INTRODUCTION: Posterior reversible encephalopathy syndrome is a clinico-neuroradiological entity characterized by headache, vomiting, altered mental status, blurred vision and seizures with neuroimaging studies demonstrating white-gray matter edema involving predominantly the posterior region of the brain. CASE PRESENTATION: We report a 47-year-old Caucasian man with liver cirrhosis who developed posterior reversible encephalopathy syndrome following an upper gastrointestinal hemorrhage and who was managed with induced hypothermia for control of intracranial hypertension and continuous veno-venous hemodiafiltration for severe hyperammonemia. CONCLUSION: We believe this is the first documented case report of posterior reversible encephalopathy syndrome associated with cirrhosis as well as the first report of the use of induced hypothermia and continuous veno-venous hemodiafiltration in this setting.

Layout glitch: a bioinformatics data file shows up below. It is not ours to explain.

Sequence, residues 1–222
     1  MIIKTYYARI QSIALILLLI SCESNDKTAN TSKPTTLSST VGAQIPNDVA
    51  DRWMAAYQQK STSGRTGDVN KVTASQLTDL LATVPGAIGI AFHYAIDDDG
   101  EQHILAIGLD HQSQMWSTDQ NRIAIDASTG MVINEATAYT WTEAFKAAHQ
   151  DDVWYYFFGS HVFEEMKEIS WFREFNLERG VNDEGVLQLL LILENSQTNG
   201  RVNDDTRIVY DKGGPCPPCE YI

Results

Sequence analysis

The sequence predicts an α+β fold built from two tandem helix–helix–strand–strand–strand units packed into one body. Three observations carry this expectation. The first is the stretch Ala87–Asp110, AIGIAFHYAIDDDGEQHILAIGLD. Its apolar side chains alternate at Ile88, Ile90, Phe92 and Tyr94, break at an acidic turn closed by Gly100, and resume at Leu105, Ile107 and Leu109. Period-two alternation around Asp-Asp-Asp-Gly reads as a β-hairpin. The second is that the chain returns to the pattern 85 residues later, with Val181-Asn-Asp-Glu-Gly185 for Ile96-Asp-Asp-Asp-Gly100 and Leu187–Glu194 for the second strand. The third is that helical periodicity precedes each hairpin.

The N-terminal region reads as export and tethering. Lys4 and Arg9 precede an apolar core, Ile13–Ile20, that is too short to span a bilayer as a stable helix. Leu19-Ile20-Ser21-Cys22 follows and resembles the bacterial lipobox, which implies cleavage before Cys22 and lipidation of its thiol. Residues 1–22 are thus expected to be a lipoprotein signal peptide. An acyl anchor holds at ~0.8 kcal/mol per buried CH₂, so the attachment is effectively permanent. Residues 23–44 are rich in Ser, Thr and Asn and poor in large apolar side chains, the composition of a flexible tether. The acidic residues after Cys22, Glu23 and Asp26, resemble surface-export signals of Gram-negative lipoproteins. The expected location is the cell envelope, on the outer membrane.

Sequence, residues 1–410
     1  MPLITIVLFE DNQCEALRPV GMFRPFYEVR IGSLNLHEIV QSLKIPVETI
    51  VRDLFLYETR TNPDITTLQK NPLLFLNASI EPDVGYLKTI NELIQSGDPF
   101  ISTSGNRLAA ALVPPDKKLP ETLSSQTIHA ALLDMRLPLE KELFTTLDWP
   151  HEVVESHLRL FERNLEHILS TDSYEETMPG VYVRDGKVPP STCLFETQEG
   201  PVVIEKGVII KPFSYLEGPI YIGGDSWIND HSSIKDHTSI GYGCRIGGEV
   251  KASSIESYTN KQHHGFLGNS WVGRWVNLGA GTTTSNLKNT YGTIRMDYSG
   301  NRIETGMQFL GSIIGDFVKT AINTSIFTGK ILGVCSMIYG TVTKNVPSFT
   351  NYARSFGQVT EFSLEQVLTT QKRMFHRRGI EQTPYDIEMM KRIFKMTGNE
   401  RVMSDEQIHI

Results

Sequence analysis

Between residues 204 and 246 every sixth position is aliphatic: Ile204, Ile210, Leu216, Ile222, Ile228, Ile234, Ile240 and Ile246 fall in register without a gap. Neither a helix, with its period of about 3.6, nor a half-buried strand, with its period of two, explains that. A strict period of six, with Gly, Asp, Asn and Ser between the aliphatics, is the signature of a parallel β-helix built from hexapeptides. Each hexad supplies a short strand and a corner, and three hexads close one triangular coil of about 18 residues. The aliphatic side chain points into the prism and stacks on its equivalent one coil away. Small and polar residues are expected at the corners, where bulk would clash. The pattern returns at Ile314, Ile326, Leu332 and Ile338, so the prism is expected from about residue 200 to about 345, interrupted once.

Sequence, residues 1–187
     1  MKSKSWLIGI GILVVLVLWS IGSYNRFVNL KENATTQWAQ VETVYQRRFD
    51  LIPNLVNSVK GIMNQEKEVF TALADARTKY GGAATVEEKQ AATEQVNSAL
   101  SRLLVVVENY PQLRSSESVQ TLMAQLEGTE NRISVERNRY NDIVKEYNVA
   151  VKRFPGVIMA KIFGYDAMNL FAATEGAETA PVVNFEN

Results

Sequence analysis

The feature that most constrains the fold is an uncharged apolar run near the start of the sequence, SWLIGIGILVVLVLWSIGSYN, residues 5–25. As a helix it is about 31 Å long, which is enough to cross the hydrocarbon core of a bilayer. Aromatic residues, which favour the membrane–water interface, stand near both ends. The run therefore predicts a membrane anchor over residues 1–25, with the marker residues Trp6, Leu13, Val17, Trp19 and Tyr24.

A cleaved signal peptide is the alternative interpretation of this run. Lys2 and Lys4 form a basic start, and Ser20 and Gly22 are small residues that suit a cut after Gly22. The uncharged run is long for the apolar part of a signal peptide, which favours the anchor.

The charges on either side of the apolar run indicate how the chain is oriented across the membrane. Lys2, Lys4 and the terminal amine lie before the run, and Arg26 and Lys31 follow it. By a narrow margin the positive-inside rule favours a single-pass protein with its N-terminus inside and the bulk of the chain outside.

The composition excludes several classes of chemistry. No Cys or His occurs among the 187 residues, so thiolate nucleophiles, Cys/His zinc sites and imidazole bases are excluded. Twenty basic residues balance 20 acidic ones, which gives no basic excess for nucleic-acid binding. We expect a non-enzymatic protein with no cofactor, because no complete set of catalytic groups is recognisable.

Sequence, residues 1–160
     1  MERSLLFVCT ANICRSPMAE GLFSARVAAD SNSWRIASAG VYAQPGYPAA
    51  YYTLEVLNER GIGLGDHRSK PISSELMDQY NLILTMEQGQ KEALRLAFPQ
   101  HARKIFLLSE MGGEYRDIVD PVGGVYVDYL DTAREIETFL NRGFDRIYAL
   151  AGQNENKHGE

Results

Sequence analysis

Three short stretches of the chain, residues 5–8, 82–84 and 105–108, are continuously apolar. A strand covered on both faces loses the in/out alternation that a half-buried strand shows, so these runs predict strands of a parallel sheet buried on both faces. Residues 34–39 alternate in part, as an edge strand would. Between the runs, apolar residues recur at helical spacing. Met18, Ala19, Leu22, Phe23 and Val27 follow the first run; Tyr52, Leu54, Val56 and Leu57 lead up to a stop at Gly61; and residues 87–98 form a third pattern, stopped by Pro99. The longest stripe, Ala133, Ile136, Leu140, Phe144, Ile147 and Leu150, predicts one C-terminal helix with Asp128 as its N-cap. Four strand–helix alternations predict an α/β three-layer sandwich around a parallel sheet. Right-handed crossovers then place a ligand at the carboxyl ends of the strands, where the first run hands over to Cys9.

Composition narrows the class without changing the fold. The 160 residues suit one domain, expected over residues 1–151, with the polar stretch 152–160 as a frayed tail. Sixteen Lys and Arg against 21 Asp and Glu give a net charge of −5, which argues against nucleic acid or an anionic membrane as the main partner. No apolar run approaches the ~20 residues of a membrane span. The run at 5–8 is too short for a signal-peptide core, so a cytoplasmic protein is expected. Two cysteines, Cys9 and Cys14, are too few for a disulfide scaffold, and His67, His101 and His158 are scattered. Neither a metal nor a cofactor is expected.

Chawla, Rashmi; Smith, Daniel; and Marik, Paul E, "Near fatal posterior reversible encephalopathy syndrome complicating chronic liver failure and treated by induced hypothermia and dialysis: a case report." (2009). Division of Pulmonary and Critical Care Medicine Faculty Papers. Paper 1.